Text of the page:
Bradenton's Galvano earning praise from Senate president

skennedy@bradenton.comMarch 3, 2013 

MANATEE -- Florida Senate President Don Gaetz last week predicted a bright political future for Bradenton's freshman state senator, Bill Galvano.

"I think that Bill Galvano could be Senate president, he could be attorney general, he could be governor," Gaetz told the Bradenton Herald Editorial Board during a discussion last week. "And I'm a Bill Galvano fan."

In Tallahassee, Galvano, 46, is "trusted, respected, admired," said Gaetz, R-Destin. He noted that the Bradenton Republican's reputation from eight years in the Florida House had already helped him to become a key player in the Senate.

"He is in the leadership of the Senate as a freshman senator," said Gaetz. "He walked onto the Senate floor and instantly became a leader of the Senate."

Galvano's previous experience, culminating with his chairmanship of the powerful House Rules and Calendar Council, has burnished his credentials, said Gaetz.

Galvano already has an important post this year as chairman of the Senate Appropriations Subcommittee on Education when the Florida Legislature's session opens Tuesday.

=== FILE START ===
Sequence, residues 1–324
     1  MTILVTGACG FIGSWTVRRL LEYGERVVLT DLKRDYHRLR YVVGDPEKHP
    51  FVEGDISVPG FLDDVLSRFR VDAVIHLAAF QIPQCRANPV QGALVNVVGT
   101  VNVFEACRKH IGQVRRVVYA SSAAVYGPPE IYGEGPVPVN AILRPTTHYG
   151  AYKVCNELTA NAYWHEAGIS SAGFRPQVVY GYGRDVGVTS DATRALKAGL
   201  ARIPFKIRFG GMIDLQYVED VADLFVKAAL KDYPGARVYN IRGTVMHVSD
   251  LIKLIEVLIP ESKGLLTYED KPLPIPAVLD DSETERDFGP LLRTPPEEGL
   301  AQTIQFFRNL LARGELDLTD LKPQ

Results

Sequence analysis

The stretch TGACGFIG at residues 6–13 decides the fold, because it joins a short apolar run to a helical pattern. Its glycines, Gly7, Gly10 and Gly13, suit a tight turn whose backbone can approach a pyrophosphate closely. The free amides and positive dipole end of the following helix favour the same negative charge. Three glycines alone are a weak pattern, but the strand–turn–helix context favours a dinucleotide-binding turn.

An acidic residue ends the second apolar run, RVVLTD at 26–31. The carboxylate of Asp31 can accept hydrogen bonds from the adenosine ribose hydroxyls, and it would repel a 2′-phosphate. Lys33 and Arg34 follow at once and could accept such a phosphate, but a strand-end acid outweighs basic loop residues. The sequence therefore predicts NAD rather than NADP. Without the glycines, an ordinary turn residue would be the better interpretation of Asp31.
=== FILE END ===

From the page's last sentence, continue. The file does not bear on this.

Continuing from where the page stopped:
The Bradenton attorney's earlier handling of a scandal involving former House Speaker Ray Sansom, Gaetz said, was done with "great dignity and with great prowess."

"I mean, who would have thought that the way you handle some of those issues would be to go back to Thomas Jefferson's rules of conduct for parliamentary bodies?" Gaetz said, adding, "Bill Galvano is one of the smartest people I've ever met."

Even before Galvano was elected to the Senate in November, Gaetz had sought the candidate out for help with ethics reform legislation.

"I called him and said, 'Bill, I know you're knocking on doors and are campaigning, but could you carve out some time to help us fashion an approach to ethics?'"

Continued Gaetz: "So if you don't like our ethics bill, blame me. If you think that some of it is good public policy, Bill Galvano's political DNA is in this effort to raise the standard of ethics to a higher level."

Sara Kennedy, Herald reporter, can be reached at 941-745-7031. Follow her on

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